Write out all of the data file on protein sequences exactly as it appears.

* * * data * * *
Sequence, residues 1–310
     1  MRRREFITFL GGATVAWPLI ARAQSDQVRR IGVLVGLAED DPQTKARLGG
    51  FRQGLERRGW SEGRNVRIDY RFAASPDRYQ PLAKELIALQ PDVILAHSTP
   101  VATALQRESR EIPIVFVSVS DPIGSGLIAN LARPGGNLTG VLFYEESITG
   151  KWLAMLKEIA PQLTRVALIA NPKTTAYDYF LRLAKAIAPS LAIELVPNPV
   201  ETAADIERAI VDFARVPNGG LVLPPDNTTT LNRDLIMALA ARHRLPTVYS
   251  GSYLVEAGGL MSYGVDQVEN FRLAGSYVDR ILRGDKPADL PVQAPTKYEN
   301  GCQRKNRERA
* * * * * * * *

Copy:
Sequence, residues 1–310
     1  MRRREFITFL GGATVAWPLI ARAQSDQVRR IGVLVGLAED DPQTKARLGG
    51  FRQGLERRGW SEGRNVRIDY RFAASPDRYQ PLAKELIALQ PDVILAHSTP
   101  VATALQRESR EIPIVFVSVS DPIGSGLIAN LARPGGNLTG VLFYEESITG
   151  KWLAMLKEIA PQLTRVALIA NPKTTAYDYF LRLAKAIAPS LAIELVPNPV
   201  ETAADIERAI VDFARVPNGG LVLPPDNTTT LNRDLIMALA ARHRLPTVYS
   251  GSYLVEAGGL MSYGVDQVEN FRLAGSYVDR ILRGDKPADL PVQAPTKYEN
   301  GCQRKNRERA